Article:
Back in December, I interviewed Toby Perlman, the wife of violin virtuoso Itzhak Perlman.
It was a phone interview and Henry started whimpering in his crib midway through it. I was having a bad day. I was stressed and sleep deprived. I had dried baby vomit on my shirt. I was swigging cold coffee and biting my nails. The last thing I wanted to talk about was classical music.
Prior to the interview, I received an email from Toby’s publicist encouraging me to read over the materials about her music residency for young gifted string players.
“(It) will help you focus your questions on what is relevant to the interview,” the publicist wrote.
When I got on the phone with Mrs. Perlman, I began with the most obvious and relevant questions. All was going well for the first ten minutes. She was chatty and I was informed.
And then Henry started crying. Although Toby couldn’t hear him, I found myself immediately torn between continuing the interview and tending to my infant.
I sighed and decided to veer from the prepared questions.
I knew she had five children.
“You have five children?” I asked.
“Yes,” she replied.
“I just had my first baby six months ago,” I said. “Sometimes I feel like I’m drowning.”
I immediately regretted the comment. It was the definition of not relevant.
To my relief, it didn’t catch her off guard. Her voice softened.
“This period of your life is gone in the blink of an eye,” she said. “This suffering, you will forget about it. I promise. There will come a moment when your child will say a sentence that means everything to you. My son – he’s going to be 43 tomorrow – came to me crying one day because some kid hit him in the sandbox with a truck. And I said, ‘Did you hit him back?’ And he said, ‘You know I’m a pacifist.'”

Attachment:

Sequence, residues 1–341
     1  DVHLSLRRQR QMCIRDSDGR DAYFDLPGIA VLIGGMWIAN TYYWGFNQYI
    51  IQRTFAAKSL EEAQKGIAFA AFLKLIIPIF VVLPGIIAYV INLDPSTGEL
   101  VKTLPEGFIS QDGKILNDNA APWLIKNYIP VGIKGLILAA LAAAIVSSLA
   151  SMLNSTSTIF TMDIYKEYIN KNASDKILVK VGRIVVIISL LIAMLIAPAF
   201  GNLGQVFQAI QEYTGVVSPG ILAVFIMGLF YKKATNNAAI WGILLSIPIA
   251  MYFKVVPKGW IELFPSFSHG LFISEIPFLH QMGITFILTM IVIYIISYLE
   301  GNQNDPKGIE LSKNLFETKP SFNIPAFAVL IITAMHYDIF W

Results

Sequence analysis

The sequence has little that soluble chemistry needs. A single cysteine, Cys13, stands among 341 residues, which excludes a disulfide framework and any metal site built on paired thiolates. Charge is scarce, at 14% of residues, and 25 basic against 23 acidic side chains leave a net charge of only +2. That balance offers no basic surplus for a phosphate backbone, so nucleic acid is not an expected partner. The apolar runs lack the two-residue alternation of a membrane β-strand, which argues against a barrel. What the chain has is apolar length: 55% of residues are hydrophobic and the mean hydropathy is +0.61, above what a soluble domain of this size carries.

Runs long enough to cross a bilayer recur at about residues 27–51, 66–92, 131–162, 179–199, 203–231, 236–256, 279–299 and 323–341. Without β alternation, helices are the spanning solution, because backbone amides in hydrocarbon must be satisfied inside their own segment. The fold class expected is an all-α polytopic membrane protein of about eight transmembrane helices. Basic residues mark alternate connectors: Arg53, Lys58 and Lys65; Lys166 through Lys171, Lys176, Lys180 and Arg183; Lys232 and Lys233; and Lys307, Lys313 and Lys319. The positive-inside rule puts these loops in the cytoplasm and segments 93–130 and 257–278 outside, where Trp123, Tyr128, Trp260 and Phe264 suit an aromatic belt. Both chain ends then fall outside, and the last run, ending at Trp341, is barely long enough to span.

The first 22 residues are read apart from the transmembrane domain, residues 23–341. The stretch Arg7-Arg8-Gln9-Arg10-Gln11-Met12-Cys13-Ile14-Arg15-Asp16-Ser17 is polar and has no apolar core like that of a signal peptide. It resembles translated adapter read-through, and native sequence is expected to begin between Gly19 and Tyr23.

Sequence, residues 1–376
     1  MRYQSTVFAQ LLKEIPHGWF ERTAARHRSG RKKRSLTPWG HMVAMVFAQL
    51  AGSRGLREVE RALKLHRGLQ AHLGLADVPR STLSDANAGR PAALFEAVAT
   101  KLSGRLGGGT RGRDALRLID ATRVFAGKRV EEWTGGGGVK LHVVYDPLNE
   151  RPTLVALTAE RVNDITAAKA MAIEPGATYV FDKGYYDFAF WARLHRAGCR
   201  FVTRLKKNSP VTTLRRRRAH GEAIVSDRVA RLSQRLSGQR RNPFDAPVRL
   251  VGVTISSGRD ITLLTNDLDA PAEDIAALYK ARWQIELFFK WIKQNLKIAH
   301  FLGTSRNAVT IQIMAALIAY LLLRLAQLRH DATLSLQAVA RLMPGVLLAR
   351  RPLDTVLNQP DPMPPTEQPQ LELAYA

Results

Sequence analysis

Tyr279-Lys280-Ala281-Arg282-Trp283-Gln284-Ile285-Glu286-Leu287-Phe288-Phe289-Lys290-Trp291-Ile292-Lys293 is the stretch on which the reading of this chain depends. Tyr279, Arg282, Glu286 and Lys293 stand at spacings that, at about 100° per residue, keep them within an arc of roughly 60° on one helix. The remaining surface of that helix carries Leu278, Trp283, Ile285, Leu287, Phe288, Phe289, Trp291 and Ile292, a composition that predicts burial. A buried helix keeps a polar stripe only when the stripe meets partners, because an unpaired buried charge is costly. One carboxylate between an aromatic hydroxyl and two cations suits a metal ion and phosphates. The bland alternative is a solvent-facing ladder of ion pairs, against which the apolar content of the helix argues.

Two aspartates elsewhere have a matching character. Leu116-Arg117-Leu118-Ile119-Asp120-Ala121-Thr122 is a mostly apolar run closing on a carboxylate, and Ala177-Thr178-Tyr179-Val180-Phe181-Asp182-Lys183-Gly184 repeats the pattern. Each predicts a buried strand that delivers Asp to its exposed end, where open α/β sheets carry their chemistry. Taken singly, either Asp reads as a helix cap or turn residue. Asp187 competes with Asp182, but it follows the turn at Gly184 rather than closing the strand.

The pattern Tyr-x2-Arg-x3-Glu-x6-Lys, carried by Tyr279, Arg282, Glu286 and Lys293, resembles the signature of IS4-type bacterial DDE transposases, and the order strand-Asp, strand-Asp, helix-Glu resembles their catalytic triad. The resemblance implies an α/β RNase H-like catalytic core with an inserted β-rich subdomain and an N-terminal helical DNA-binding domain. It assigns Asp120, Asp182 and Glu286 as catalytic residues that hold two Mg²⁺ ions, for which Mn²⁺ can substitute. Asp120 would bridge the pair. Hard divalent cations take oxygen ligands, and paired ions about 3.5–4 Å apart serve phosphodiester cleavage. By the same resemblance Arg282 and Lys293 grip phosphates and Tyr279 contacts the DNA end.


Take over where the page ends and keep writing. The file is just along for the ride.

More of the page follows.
That’s cute, I thought. But your other children: were they pacifists as well?
“You know how you love this baby?” She continued. “How you think you’ll never love another baby the way you love this baby? And you think you’ll never have the energy to do it again? Well, you have a couple more kids and when one kid comes home and says he got a zero on the spelling test, it’s not such a big deal because there’s another kid with an ear ache. The focus on each child is naturally and automatically, in a healthy way, diluted. There’s no such thing as instant gratification. It was an exhausting time. I can’t imagine how I did it, but I’m glad I did. Just hold on. You’ll see.”
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PS. The photo is of Henry and Joe, jamming.